Grow a Row in Cambridge

Grow a Row was born from the new-found enthusiasm for gardening and the desire to supplement the emergency food response with more fresh fruit and vegetables. It resulted in around 2,000kg of fruit and vegetables donated, enough to supplement 25,000 meals with a portion of fruit or veg! Nine months on, we take stock of the initiative.

Credit: Cambridge Sustainable Food

Credit: Cambridge Sustainable Food

In Cambridge, the emergency food response to the Covid-19 pandemic was set up in the early days of the pandemic by Cambridge Sustainable Food with fellow members of the Food Poverty Alliance, with Community Food Hubs opening around the city – now there are eight. As in other cities, people mobilised to form mutual aid groups, and started to look out for their elderly or vulnerable neighbours. Cambridge Sustainable Food also looked into how much extra food could be grown within the city, to support local communities, and take advantage of the new-found enthusiasm for gardening that seemed to be developing. So “Grow a Row” was born: an initiative to encourage people to plant extra crops and donate them to help others who found themselves in need of help.

Cambridge Sustainable Food contacted allotment societies and neighbourhood groups, and spread the word on social media. The idea took a while to grow. Garden centres were closed, and compost and seeds were hard to come by. Gradually, the idea took hold, and community-minded groups and individuals started to deliver fresh produce to their neighbourhood Community Food Hub.

Donations from allotments…

Neighbours in George Street organised to contribute as a group, and even grew pots of windowsill herbs to donate to their local Community Food Hub in Arbury, in their “Adopt a herb” initiative.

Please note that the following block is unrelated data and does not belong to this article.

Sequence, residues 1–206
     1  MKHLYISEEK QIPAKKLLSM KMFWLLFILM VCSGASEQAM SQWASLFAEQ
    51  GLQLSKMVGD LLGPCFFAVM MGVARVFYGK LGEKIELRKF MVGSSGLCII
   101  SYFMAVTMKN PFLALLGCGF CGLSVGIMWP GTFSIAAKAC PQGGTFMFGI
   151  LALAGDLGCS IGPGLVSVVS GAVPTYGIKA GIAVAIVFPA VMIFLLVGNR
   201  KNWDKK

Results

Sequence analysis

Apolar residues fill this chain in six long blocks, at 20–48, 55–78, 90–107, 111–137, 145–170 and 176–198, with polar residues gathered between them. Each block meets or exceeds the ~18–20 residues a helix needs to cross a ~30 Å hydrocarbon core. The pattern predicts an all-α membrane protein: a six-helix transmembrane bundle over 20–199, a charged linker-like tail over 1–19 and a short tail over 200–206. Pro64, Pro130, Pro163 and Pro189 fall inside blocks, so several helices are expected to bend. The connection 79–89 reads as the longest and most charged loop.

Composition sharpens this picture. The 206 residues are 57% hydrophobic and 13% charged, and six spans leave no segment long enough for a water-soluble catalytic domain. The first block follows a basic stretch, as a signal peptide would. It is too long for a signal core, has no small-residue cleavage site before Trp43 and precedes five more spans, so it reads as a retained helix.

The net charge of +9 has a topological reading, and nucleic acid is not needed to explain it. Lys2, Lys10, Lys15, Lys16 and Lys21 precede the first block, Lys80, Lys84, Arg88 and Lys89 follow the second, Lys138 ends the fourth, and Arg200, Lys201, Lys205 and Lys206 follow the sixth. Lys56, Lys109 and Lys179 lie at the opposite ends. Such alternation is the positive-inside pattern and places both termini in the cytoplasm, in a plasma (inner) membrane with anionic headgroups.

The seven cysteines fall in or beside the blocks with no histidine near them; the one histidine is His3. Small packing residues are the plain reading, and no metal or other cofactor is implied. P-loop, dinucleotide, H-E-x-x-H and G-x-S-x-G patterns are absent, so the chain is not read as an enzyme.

From a nearby village, Thriplow, a huge variety of vegetable donations from a community project called Co Veg started to arrive. This was initiated by a local farmer who kindly contributed two fields: one he has cultivated himself to donate the produce, using farm machinery, and the other was named the “Chaos Garden”, and cultivated by the members of the community. Starting with broad beans early in the Summer, they have brought large successive harvests, including huge numbers of pumpkins in late Autumn. 

Another Community Allotment on the edge of the city in Histon planted an extra piece of land as a “City Garden” and made steady deliveries throughout the season. Various plot holders from Old Chesterton Allotments site got in touch, and they took turns to deliver to their local hub in in East Chesterton.


Fen End Farm in Cottenham is a very special project, who delivered vegetables most weeks during the Summer. This farm works uses the permaculture method, and works with the Headway organisation, supporting people with brain injuries, who volunteered at the farm to grow the vegetables.

CoFarm - Cambridge’s community farm, was established in 2020. Despite being in their first year, is already highly productive and have produced huge quantities of beautiful vegetables to donate to the Community Food Hubs. Peter Wrapson and Dominic Walsh, horticultural leads, lead a team of volunteers that have helped with everything from sowing seeds to tackling thistles.

… and individuals

Many individuals have also turned up at the redistribution centre in Buchan Street. Someone who lived on an orchard, got up early for a couple of weeks to bring 20 kg of plums a day. Another individual donor cycled up with a 17 kg pumpkin in the bike trailer!

Sustain are encouraging more areas to launch Veg Cities campaigns and get local businesses and organisations making veg pledges. Veg Cities is a feature campaign of Sustainable Food Places and is run in partnership with Peas Please.